the careers of others, and also as I’ve mentioned I did direct the writing program, excuse, the Institute for Writing and Rhetoric for four years, and I chaired my own
department for six years, and I, you know, I found meaning in helping these units
improve, get better, et cetera. Where I found plenty of
meaning is in my teaching. You might have noticed I enjoy teaching. That’s why I’m here. As I told you in the first class, this is my 25th time
teaching the intro course. Students lives have been
changed in my courses. Especially in the intro course. Some people came in sure
they were going to study computer science, they took CS1 or CS5, and they realized, oh,
this is not what I thought, and, you know, you might be one of them, and that’s okay! That’s okay, there’s nothing wrong with discovering what it
is you don’t want to do. That’s fine. But we’ve also had several
who, it went the other way. Where they came in not expecting
to study computer science, and they did. I remember the very first time
I taught the intro course, back in fall of 1993, where
were you in fall of 1993? Had your parents even met yet? And there was this guy
Greg, he was senior, taking the intro course
from me in the fall, and he killed it, he got
an A with a citation, if I recall, and he ended
up taking our second course and then our third course,
what you now know as CS50, and even though I think
he was history major, if I’m not mistaken, he
ended up working in software, he got a job in software. A few years later and I may have mentioned this student to you, Lauren, she was also one of our section leaders,
she graduated in 1999, and took the intro course
from me her sophomore fall, not planning to be a CS major, maybe math, maybe religion, she wasn’t sure, but boy was she good at this stuff, not great on the tests, but
really good at the coding, and loved it. I encouraged her to take more CS, she did, she ended up being my
senior thesis student, she wrote the very best senior
thesis I’ve ever advised, we took a third of it and sent it off to the top conference
in parallel computing and it got in. I would have had Lauren give the talk but it was right after she graduated, the conference is in
France, she was interning at the CIA, they didn’t want
her to go out of the country, so I had to go to France and drink the wine and eat the food. (laughter) And Lauren went off to MIT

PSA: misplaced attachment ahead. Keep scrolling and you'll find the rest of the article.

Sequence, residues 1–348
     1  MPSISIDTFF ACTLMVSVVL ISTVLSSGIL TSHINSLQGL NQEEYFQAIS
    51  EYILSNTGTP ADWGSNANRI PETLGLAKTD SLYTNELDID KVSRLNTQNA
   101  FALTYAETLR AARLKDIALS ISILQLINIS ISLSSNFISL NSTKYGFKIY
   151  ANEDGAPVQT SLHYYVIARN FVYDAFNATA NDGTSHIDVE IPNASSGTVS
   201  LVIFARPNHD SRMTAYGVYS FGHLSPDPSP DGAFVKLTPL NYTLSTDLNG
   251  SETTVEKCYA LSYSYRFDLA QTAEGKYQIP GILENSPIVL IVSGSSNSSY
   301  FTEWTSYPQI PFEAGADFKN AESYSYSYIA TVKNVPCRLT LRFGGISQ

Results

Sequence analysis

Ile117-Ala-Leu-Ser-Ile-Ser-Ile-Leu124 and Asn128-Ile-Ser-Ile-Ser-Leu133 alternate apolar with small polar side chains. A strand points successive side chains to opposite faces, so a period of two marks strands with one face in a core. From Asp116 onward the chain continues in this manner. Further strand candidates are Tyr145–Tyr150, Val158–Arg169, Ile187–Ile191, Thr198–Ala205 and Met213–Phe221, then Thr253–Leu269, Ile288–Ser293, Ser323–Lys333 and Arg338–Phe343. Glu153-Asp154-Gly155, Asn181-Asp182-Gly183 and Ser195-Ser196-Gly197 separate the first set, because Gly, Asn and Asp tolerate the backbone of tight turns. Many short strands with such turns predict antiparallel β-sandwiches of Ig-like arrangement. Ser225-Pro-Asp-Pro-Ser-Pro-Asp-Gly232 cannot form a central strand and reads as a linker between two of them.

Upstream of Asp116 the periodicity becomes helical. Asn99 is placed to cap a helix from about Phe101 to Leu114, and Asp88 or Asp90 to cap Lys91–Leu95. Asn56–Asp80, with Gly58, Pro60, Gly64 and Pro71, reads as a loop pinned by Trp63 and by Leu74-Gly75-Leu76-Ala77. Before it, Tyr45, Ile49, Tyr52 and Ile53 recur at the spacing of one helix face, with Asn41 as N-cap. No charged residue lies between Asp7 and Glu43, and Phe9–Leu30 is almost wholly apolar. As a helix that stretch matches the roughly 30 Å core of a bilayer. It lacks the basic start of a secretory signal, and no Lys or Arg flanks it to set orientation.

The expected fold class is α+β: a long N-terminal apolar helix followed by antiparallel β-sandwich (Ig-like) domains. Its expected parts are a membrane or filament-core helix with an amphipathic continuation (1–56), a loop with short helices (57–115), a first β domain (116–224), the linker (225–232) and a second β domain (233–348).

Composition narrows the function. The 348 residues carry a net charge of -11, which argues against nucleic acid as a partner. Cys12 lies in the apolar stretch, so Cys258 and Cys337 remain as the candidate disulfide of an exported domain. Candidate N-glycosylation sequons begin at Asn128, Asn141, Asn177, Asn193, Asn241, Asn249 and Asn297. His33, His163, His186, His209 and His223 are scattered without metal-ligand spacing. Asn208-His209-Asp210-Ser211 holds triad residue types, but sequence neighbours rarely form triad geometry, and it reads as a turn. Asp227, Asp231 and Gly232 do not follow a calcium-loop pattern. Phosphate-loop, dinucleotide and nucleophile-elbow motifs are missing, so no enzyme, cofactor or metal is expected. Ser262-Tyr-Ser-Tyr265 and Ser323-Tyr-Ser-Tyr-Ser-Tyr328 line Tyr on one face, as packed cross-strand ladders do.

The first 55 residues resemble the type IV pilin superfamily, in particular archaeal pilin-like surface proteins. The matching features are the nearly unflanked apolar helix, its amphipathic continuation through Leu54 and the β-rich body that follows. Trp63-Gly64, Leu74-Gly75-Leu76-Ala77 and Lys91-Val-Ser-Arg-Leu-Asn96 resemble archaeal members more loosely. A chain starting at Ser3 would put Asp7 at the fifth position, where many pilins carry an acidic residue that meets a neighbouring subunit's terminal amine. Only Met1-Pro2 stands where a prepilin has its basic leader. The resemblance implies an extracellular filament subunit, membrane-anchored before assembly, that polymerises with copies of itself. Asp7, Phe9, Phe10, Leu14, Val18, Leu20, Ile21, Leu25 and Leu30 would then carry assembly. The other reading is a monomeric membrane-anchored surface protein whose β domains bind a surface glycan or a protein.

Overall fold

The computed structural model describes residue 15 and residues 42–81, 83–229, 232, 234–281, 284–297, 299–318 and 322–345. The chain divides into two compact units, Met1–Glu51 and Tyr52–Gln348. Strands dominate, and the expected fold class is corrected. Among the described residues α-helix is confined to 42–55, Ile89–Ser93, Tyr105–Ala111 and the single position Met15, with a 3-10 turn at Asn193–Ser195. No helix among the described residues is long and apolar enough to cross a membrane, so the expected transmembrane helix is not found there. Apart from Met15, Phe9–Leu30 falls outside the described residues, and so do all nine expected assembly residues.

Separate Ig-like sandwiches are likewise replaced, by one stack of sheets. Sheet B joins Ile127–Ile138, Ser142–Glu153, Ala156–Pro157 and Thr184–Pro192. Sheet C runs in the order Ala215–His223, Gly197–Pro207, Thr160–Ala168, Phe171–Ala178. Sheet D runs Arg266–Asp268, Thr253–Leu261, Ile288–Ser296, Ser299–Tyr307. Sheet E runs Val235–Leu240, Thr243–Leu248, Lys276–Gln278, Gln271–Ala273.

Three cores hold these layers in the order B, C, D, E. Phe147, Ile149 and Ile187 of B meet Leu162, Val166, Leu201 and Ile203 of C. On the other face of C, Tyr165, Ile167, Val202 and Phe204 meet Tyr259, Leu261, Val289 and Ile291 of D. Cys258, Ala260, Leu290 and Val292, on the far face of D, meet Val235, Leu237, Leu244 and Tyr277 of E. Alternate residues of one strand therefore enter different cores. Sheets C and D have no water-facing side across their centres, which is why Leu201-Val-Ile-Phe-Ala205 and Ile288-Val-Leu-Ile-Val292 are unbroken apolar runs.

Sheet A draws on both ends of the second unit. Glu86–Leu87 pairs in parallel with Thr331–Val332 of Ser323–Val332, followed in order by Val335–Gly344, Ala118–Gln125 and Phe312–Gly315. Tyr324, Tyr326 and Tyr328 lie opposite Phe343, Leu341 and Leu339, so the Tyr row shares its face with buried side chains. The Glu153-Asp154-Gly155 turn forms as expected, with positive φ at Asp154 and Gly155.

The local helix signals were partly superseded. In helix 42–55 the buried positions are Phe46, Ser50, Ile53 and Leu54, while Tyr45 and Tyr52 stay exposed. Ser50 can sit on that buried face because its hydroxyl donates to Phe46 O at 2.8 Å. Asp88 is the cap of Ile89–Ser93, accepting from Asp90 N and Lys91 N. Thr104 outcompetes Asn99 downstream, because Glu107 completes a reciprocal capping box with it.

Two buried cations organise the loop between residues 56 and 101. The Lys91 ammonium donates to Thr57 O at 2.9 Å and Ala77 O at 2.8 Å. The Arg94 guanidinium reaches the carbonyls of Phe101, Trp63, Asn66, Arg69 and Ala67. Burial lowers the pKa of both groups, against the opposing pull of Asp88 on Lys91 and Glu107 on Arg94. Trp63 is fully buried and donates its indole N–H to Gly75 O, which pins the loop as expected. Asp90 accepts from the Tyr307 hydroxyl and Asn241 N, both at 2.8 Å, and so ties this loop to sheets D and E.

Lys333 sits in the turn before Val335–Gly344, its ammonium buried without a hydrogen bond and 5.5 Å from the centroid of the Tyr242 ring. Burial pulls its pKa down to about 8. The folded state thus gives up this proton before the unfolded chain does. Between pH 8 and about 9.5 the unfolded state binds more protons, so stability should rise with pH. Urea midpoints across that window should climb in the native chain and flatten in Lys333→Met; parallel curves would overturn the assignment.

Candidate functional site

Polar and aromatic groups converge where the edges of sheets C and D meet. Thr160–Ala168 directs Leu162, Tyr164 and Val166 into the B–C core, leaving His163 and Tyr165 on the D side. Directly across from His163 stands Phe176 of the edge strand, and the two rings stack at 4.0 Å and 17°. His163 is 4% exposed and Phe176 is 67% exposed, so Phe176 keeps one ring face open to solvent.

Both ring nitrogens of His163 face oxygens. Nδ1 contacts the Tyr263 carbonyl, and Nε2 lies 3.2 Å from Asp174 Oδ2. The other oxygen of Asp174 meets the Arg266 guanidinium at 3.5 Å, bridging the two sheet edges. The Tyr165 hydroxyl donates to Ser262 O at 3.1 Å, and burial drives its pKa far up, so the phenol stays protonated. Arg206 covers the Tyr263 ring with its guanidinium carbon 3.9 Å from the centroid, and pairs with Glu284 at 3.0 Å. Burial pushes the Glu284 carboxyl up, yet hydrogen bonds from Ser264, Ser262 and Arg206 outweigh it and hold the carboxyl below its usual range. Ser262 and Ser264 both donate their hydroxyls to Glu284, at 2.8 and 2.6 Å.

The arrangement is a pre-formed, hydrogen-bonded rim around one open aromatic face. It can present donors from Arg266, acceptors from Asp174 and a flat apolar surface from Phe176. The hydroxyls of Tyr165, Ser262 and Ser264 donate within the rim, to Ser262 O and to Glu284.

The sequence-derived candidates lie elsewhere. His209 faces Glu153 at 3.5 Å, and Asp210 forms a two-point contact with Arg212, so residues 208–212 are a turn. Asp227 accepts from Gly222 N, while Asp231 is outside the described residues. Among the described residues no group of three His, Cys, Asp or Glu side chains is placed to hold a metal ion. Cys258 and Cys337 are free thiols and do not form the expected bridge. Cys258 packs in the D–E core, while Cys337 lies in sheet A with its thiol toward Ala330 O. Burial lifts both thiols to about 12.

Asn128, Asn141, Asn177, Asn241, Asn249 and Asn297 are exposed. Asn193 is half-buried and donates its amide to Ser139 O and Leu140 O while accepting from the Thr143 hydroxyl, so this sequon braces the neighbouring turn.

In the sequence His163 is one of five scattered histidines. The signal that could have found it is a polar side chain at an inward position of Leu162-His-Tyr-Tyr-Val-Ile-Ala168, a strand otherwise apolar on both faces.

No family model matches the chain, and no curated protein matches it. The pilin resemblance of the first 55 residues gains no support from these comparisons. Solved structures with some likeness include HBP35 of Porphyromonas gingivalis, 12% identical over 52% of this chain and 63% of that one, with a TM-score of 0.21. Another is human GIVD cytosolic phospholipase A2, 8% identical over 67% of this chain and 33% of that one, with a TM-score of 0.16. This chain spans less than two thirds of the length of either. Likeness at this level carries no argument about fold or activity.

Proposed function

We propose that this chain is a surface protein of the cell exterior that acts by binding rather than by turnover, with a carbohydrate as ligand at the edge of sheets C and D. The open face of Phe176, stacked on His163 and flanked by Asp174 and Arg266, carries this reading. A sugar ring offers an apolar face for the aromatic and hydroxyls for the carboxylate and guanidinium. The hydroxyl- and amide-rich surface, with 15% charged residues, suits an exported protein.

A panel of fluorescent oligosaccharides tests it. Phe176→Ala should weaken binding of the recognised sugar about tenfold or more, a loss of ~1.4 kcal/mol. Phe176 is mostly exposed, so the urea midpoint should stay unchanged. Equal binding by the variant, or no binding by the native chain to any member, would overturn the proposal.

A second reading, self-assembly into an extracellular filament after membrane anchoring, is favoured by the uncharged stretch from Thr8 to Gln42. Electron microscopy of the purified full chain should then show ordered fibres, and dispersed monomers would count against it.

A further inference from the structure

to work with my advisor, ’cause how could I pay him
back for all he did for me, send him students like Lauren. She gets there, he’s not there. He’s gone on leave. So she works in a different group, gets her Masters in one year,
which nobody does at MIT, she hates it. She doesn’t like the city,
she doesn’t like Boston, she doesn’t like MIT, she doesn’t
like being a grad student, she grew up in the suburbs of Illinois, and she decides she’s
going to go take a job in Silicon Valley, ’cause
that’s more like a suburb, she’s trying to decide
between two companies, VM Ware and another company, I suggested VM Ware, they make software that allows one computer
to emulate another. She went against my advice
and took this other job, ’cause she liked their
product, and that was Google, and she got there in 2000,
Lauren’s been retired for quite a while now.
(laughter) Her husband’s still working there, so they live in Mountain View, but she also owns property in Yosemite, how cool is that? Another student, Liz, also
took the course from me her sophomore fall in I
think it was 1999, or 2000, 2000, right in here,
and Liz was going to do engineering physics, but
just couldn’t help herself, loved doing the coding, also
became my thesis student. When Liz graduated she
wanted to work at Google when they were setting
up their New York office and they didn’t want to put any fresh college grads in there,
either people with experience or advanced degrees and I told them well at this point I’ve
got a good track record with Google, I told them put Liz in there, in a few years she’ll
be running the joint. In a few years she was running the joint and now she’s out in Mount
View as a VP at Google, so Liz is doing pretty well. And then another student
who I love to talk about, Stephanie, she was an 09, and she took the intro course from
me her sophomore fall, contacted me before the term saying I’m going to be in your office
getting help all the time, and she was, until she wasn’t. About three quarters of
the way through the term she stopped showing up, and typically that’s because the student has given up. In Stephanie’s case it
wasn’t ’cause she gave up, it was ’cause she didn’t
need the help anymore, and by the last lab
assignment, she came by saying you got any more extra credit? And Stephanie became a CS major, and is now in San Diego doing CS stuff and then also annoying
the hell out of people by playing bagpipes.
(laughter) So lots of great stories here, but the point here is
that one of the reasons, in fact probably the reason I love teaching this course the most is because I get to changes lives. Presumably for the better. And this is what I love, you know, I’m changing lives by